You’ve heard the saying before, “Nature abhors a vacuum.” In other words, something will always grow in, where something dies. The photo above is something I find all-too-often, especially on State Forest Preserve where huge swaths of hemlock stands are succumbing to hemlock woolly adelgid. A hemlock forest is like no other in that it creates a deep shade and cover from summer’s heat or winter’s deep snow. As the overstory or canopy of these trees give way and die, a carpet of black birch seedlings often fills the forest floor. I’m guessing 50 years from now, there will be quite a cohort of black birch stands in these mountains, growing from this wave of hemlock mortality. Some of today’s old red oak stands also share this similarity to black birch. Many of them grew after the American chestnut perished from Chestnut Blight in the early 20th Century. Nature abhors a vacuum. I am hopeful that “Nature” and technology are resilient and innovative and one day both hemlock & chestnut will return.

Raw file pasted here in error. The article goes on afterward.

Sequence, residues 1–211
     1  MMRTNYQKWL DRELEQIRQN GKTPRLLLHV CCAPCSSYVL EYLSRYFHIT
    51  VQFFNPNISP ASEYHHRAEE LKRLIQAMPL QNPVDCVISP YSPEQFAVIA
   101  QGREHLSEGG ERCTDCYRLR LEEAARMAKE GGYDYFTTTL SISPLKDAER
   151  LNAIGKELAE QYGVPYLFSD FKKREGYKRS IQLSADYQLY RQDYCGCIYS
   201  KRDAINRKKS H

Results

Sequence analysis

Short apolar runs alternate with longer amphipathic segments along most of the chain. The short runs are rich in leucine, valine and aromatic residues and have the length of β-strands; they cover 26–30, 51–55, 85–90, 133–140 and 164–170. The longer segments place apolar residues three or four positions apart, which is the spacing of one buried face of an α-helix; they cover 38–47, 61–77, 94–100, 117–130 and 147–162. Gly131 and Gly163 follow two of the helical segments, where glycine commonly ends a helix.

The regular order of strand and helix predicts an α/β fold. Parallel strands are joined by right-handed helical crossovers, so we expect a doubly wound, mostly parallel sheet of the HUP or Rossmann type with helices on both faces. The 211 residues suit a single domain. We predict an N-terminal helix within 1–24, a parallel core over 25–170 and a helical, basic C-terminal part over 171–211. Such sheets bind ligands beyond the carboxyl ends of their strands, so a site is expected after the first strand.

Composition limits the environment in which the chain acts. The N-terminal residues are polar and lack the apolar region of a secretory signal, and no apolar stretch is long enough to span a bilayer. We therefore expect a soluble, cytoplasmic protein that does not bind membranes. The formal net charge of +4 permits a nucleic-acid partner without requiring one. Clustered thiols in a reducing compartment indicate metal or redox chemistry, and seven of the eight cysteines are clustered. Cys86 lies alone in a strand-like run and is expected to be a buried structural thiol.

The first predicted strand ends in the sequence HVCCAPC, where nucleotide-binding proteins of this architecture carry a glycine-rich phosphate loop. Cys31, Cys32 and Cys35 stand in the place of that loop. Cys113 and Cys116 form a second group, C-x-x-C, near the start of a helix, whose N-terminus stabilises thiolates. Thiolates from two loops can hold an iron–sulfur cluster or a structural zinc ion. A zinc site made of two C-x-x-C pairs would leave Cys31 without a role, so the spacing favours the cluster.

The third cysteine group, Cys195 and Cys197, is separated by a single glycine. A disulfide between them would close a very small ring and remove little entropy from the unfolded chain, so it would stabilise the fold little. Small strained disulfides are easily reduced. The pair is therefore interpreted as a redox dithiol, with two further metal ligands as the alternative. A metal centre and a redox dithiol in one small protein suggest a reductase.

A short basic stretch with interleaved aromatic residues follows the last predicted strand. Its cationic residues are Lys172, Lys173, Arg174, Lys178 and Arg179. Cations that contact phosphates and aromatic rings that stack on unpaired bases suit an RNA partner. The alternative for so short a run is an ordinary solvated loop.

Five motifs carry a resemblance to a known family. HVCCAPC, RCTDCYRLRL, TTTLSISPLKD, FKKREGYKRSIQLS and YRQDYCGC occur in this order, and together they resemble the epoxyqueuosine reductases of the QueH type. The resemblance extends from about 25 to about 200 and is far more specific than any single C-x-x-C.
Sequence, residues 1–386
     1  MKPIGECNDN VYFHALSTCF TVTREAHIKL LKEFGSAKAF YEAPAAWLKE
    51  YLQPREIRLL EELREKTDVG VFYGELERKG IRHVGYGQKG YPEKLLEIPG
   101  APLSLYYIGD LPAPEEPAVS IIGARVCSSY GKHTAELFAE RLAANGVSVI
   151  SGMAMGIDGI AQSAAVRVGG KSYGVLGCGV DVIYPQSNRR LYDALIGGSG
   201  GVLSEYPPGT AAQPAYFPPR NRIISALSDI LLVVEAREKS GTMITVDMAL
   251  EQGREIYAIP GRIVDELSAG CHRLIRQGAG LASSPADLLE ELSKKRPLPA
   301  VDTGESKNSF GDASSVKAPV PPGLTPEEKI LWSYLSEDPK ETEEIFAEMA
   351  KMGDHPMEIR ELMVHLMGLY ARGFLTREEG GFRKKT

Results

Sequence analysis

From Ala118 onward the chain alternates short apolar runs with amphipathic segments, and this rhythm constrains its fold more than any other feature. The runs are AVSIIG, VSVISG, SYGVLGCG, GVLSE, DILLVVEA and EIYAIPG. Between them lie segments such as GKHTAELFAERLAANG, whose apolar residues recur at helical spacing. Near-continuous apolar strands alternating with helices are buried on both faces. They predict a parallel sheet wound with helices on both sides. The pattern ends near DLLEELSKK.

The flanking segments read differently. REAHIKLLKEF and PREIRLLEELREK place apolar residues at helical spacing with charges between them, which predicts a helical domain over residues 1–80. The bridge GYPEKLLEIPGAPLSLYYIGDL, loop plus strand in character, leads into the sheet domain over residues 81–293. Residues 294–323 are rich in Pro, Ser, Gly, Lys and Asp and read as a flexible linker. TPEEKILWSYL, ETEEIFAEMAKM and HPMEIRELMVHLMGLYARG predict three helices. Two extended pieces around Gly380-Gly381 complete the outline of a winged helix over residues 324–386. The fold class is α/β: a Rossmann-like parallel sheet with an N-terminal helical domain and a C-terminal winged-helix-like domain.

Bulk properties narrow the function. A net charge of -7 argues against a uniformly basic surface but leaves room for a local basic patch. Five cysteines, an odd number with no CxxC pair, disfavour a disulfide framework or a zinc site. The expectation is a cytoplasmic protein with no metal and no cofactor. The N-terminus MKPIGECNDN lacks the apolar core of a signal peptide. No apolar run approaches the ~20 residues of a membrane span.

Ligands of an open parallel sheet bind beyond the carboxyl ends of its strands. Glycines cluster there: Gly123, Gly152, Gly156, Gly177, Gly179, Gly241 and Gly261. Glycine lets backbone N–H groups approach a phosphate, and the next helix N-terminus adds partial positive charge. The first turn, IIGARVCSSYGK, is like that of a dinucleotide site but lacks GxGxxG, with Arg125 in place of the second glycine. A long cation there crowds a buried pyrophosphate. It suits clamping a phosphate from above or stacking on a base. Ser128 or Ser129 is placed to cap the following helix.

Ryan Trapani

Director of Forest Services

Catskill Forest Association